Tech Death Thursday: The Scalar Process – Coagulative Matter
Tech death for one and all from a promising new act.
Not familiar with The Scalar Process? That’s fine; neither was I, until they graced my inbox a couple weeks back. Being on Transcending Obscurity, I expected a quality act, and was not mistaken. There’s a lot going on in the music here: the proclivity for bouncing, ascending melodies is reminiscent of The Flesh Prevails-era Fallujah filtered through the darker and fiercer lens of Decrepit Birth. It has the speed and tightness of Continuum and Psycroptic, with a touch of the musical ideas resembling those of the latter’s last couple albums. This is all paired with lighter, dare I say ethereal, sections that break up the action, also reminiscent of Fallujah (and make for a perfect guest spot from Scott Corsairs on “Ink Shadow”).
The performances on Coagulative Matter are surprisingly restrained; the degree of accuracy to which these songs are performed and the occasional burst of spidery guitar work gives the impression the musicians could go into much more noodly territory, but keep it reined in most of the time. Clement Denys of Fractal Universe puts forth a characteristically tasteful performance, an immaculate mixture of intense death metal drumming and jazzy pocket grooves, where project mastermind Eloi Nicod weaves a tapestry of dark melody through precise fretwork. The riffs, while fairly complex at first blush, are made easy to follow through repetition and a stripped-down live band feel, largely consisting of just one guitar, bass, and drums. Second guitar parts are mostly relegated to playing melodies an octave up rather than supplying harmony or counterpoint, which are used sparingly for maximum impact. This approach has the potential to leave the music feeling barebones, but the extra space is filled with a combination of understated clean guitar and soaring leads. As a result, each track has a lot of room to breathe without it ever feeling empty, and even at its most technical, frantic points, it’s paced such that you’re eased into it. Check out “Poisoned Fruit” for a good overview of what this is all about.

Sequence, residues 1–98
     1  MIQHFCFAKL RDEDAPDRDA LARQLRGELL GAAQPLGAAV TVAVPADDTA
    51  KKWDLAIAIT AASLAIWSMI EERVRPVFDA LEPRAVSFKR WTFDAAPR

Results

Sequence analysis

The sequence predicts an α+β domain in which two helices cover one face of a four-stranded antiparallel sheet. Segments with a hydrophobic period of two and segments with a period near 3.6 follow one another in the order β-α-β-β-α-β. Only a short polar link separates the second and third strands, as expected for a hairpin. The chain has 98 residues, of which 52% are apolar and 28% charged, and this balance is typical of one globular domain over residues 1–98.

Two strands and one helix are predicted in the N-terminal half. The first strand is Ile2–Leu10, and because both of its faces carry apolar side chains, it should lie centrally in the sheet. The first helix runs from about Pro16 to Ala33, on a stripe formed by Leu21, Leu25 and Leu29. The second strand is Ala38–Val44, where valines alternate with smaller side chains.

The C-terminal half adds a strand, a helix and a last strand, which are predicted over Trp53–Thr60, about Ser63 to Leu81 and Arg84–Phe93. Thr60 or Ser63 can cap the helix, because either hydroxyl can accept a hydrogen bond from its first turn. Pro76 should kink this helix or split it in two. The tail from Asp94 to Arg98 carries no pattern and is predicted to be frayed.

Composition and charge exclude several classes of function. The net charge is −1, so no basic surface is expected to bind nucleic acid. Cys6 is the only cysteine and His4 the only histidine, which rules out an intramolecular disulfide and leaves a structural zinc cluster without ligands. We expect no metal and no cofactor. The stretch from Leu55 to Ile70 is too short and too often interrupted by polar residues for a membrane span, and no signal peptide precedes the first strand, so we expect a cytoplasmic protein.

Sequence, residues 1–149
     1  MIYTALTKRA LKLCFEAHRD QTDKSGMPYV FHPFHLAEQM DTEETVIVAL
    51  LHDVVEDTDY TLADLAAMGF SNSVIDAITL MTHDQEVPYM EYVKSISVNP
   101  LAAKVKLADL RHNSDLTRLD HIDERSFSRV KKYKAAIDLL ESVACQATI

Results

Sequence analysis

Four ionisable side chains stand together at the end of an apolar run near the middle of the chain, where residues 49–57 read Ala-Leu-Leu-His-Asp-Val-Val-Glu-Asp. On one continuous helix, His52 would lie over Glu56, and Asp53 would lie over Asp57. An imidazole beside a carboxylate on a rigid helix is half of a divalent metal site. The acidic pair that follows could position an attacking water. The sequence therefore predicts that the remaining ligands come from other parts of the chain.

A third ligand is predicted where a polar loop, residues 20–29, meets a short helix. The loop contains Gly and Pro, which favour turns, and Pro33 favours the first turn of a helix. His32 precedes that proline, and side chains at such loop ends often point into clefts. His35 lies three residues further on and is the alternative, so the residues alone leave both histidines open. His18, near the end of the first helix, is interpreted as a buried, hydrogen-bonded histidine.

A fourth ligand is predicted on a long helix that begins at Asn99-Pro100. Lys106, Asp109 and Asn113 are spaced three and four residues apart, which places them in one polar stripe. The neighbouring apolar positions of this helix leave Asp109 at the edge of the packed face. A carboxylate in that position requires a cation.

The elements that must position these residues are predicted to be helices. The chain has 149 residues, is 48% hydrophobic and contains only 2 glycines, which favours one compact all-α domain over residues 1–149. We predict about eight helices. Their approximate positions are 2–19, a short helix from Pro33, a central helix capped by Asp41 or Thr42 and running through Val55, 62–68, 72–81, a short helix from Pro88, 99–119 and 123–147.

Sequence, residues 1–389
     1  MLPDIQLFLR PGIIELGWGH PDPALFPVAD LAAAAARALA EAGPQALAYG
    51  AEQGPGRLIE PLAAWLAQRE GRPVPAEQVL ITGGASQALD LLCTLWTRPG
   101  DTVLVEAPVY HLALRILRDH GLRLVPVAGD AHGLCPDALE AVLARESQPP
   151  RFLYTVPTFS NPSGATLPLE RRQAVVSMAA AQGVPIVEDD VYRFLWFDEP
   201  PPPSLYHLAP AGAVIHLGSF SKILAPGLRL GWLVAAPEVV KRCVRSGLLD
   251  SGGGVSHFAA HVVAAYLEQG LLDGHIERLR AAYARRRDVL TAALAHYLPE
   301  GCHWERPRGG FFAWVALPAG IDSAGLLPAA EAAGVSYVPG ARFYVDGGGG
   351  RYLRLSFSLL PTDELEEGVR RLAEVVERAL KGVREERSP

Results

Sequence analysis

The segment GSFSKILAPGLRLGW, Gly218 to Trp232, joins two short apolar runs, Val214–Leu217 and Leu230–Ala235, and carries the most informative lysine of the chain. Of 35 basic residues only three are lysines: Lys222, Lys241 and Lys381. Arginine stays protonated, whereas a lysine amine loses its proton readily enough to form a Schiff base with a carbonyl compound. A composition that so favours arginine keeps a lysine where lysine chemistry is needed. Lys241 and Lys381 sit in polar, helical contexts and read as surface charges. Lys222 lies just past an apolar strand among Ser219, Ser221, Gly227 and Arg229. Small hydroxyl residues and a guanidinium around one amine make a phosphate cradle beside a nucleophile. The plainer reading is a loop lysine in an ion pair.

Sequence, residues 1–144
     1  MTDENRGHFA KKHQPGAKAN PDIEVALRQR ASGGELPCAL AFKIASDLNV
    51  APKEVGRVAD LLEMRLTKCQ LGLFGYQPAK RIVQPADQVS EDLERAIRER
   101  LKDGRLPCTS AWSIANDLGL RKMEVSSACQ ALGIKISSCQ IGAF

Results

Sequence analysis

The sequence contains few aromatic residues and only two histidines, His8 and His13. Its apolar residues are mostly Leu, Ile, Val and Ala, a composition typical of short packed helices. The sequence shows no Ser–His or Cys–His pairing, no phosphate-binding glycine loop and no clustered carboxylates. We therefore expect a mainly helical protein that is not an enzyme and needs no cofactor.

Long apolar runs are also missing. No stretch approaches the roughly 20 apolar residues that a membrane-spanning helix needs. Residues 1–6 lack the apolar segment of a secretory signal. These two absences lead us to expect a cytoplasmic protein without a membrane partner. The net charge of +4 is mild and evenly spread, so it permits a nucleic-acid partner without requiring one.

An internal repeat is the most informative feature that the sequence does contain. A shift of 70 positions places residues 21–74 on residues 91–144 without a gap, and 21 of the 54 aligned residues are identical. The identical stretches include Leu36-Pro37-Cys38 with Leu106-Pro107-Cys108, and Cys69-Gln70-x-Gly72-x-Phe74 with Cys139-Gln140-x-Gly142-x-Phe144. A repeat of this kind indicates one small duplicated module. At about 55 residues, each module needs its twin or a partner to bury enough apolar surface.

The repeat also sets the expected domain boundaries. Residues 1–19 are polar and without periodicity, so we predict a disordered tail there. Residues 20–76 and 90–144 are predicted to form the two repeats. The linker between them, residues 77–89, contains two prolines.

While the breadth of influences and musical touchstones might give the impression that the album as a whole is an incoherent mess, the majority of it is quite focused, almost to a fault. The bread and butter of the riffing on this album leans hard- too hard, I would say- on a string-skipping pattern that hops up to the higher octave for accents and falls down to the lower for the pedal tones. It’s a pretty common thing in melodeath and tech death as a whole (you’ll recognize it as soon as you hear it), and it’s not inherently a bad thing, but it’s easy to fall into using one or two patterns too heavily. So it goes on Coagulative Matter: there are a few riffs that could be plucked from one song and dropped into another without knowing the difference.
Fortunately, that’s really the only complaint I’d levy against this album, and those moments are exceptions to the norm. By and large, it’s an eclectic but focused album, mixing a variety of ideas around a clearly realized writing style. For all its aggression and speed, Coagulative Matter is a smooth listen with great melody and just enough flamboyance to make it exciting without ever overdoing it. The music jams, the production sounds great, and it’s an easy recommendation for both established fans of the genre and tech death newcomers. Pick it up through Transcending Obscurity when it lands on February 19th, and check out The Scalar Process on Facebook as well. That’s all I’ve got for now, so until next time,